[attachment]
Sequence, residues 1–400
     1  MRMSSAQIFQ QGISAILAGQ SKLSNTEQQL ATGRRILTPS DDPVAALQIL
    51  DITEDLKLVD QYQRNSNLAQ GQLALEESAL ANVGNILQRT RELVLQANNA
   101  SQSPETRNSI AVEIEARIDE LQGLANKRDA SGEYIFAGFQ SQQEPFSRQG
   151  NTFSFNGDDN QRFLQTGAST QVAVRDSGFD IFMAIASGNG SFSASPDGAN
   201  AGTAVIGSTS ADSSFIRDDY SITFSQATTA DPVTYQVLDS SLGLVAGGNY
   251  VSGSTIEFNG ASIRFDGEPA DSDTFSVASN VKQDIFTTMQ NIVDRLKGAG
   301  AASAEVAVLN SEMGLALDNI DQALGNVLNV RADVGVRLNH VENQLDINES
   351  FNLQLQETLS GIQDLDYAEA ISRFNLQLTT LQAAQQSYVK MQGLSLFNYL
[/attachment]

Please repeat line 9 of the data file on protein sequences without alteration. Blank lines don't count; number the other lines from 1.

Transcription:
   351  FNLQLQETLS GIQDLDYAEA ISRFNLQLTT LQAAQQSYVK MQGLSLFNYL